I'm experimenting with USB GPS receiver (dongle). It's a Canmore GT-730F that I received in January 2009. Here's what I've learned so far.
Manually getting data using the command line (source):
dmesg, the kernel log, to find out where the device has been mounted. In my case, it mounts reliably to /dev/ttyUSB0. If it doesn't mount, try the command
sudo modprobe pl2303to load the correct USB driver.
- Set the data output rate to 4800 baud using the
stty 4800 > /dev/ttyUSB0
- Read the data stream using the
- You should see a set of data scroll down the screen. Use CTRL+C to end the test.
The Linux GPS Daemon (gpsd) is the central clearinghouse for receiving GPS data from the receiver, buffering it, and forwarding it to the applications that want it. gpsd has features to broadcast to dbus (system bus), update ntpd, and respond to a multitude of specific queries from clients. References: Project home page, gpsd man page, and a great example program
$sudo apt-get install gpsd gpsd-clients # Installs the daemon (gpsd) and test set (gpsd-clients) packages $gpsd -b /dev/ttyUSB0 # Start gpsd, telling it where to find the receiver $cgps # Current satellite data - great way to test that the receiver and gpsd are working
gpsfake is a gpsd simulator. It tricks gpsd into reading from a logfile instead of a real GPS device. Very handy for testing without actually using a GPS dongle. It is included with the gpsd package, and has a man page for additional reference. To make a logfile, and then to use gpsfake:
$cat /dev/ttyUSB0 > path/to/testlog # Create the log file. Use CTRL+C to end the capture. $gpsfake path/to/testlog # Run gpsd simulator (not a daemon - it will occupy the terminal)
Python interface to gpsd (python-gps) is a programming tool to build your own gps-aware application.
>>>import gps # Load the module >>>session = gps.gps('localhost','2947') # Open a connection to gpsd >>>session.query('o') # See man gpsd(8) for the list of commands >>>print session.fix.latitude # Query responses are attributes of the session >>>dir(session) # To see the possible responses >>>del session # Close the connection to gpsd
In this case, it seems that I need a periodic
session.query('p'), which just gives lat/lon and timestamp.
Time might be an issue, since the system and the GPS may think the time is different. To see if it's an issue, compare them using the python script below. In my tests, they vary from 0.08 to 1.3 seconds apart, not enough to worry about. GPS timestamps use GMT, not localtime.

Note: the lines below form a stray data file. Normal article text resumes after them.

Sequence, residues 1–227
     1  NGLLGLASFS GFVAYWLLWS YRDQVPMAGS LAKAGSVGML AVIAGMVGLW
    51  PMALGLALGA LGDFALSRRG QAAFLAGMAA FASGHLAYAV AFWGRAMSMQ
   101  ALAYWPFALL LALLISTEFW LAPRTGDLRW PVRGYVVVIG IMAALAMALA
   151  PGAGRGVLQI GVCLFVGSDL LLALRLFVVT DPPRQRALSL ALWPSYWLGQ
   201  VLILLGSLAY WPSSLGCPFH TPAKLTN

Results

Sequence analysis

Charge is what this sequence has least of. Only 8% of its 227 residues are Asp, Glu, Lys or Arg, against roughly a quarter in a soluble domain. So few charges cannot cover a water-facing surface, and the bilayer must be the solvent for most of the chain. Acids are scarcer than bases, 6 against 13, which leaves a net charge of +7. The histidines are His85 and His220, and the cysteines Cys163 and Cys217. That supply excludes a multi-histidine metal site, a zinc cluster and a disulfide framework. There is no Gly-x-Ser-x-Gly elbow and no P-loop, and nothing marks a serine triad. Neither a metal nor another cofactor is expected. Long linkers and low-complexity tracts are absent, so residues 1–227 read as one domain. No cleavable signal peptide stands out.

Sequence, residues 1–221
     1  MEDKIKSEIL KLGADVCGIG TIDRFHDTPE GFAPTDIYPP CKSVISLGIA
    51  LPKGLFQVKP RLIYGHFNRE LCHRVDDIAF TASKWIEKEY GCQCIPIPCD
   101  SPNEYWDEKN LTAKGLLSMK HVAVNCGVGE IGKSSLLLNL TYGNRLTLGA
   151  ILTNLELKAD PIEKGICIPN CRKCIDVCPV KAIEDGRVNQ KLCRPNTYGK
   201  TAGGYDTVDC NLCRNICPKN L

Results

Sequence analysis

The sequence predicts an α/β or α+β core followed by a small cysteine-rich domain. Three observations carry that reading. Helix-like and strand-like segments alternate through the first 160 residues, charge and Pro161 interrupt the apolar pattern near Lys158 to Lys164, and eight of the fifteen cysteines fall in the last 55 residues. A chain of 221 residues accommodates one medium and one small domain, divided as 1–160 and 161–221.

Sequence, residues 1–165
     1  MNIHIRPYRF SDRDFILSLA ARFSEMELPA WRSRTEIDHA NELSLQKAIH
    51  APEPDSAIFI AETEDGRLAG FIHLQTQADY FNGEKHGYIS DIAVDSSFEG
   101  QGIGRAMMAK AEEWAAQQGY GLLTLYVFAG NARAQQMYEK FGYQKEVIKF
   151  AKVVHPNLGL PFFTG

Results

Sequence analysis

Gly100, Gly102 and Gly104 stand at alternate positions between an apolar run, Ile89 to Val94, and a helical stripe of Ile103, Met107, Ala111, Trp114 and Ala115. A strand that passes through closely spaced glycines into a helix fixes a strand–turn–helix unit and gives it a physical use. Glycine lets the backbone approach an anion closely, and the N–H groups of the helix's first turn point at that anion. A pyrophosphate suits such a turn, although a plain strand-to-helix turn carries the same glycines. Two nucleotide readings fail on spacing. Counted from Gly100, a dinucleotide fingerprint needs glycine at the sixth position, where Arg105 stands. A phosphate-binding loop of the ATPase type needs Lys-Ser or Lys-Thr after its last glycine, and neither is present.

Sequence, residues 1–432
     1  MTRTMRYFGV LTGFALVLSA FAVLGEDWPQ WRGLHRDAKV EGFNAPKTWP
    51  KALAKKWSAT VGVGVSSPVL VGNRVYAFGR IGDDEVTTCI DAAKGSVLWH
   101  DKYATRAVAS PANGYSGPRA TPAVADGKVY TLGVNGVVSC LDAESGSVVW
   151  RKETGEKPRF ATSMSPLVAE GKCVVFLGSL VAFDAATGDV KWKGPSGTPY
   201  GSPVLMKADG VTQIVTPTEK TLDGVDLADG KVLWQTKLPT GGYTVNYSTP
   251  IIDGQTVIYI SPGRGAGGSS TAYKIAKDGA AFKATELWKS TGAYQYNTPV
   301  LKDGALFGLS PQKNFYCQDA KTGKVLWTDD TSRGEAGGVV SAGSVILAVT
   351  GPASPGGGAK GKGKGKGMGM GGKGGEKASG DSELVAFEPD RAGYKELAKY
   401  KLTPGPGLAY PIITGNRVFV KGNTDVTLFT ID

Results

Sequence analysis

#!/usr/bin/env python import calendar, time, gps system_time = calendar.timegm(time.gmtime()) # System time (in seconds) session = gps.gps('localhost','2947') # Open a connection to gpsd session.query('p') # See man gpsd(8) for the list of commands gps_time = session.timings.c_recv_time # GPS time (in seconds) print ('The time difference is ' + str(system_time - gps_time) + ' seconds.')
MGRS (military map coordinates) conversion to/from latitude and longitude is not currently available in Ubuntu...that I can find. The dongle documentation doesn't mention MGRS at all. An online converter is available. The proj package looks promising, but I haven't figured it out yet. Perhaps Lat/Lon -> UTM -> MGRS?
DBus access appears to be undocumented...but there are tantalizing hints on Google that examples are out there. I can listen to dBus using
cgps to make traffic, then
dbus-monitor --system to see it.
The best storage format for tracklogs, routes, and waypoints seems to be GPX format, since it's easy to understand and
cgpxlogger, included with gpsd, will create an XML track in GPX 1.1 format. Google's KML is more powerful, but also much more complex. GPSbabel universal data translator is a command-line application that translates one file type to another, and does convert GPX <-> KML.
$cgpxlogger -i 30 > path/to/logfile # Save data every 30 seconds to an XML file $gpsbabel -i gpx -f path/to/gpx_file -x duplicate -o kml -F path/to/kml_file $#gpsbabel [options] -i INTYPE -f INFILE -x FILTER -o OUTTYPE -F OUTFILE
GPSdrive navigation system looks cool, but I couldn't get maps to load, so it's utility was limited. However, it seems that online plotting of tracklogs, routes, and waypoints is possible on Google Maps (and Yahoo Maps, and others). One example is the cool GPS Visualizer.
Gypsy is an alternative daemon, but not currently in Debian or Ubuntu, so I haven't tried it. Last release 0.6 in March 2008.
GPSman device manager is an app I know nothing about. I couldn't get it to work, so I removed it. The dongle seems small enough and simple enough that it may not need to be 'managed' at all.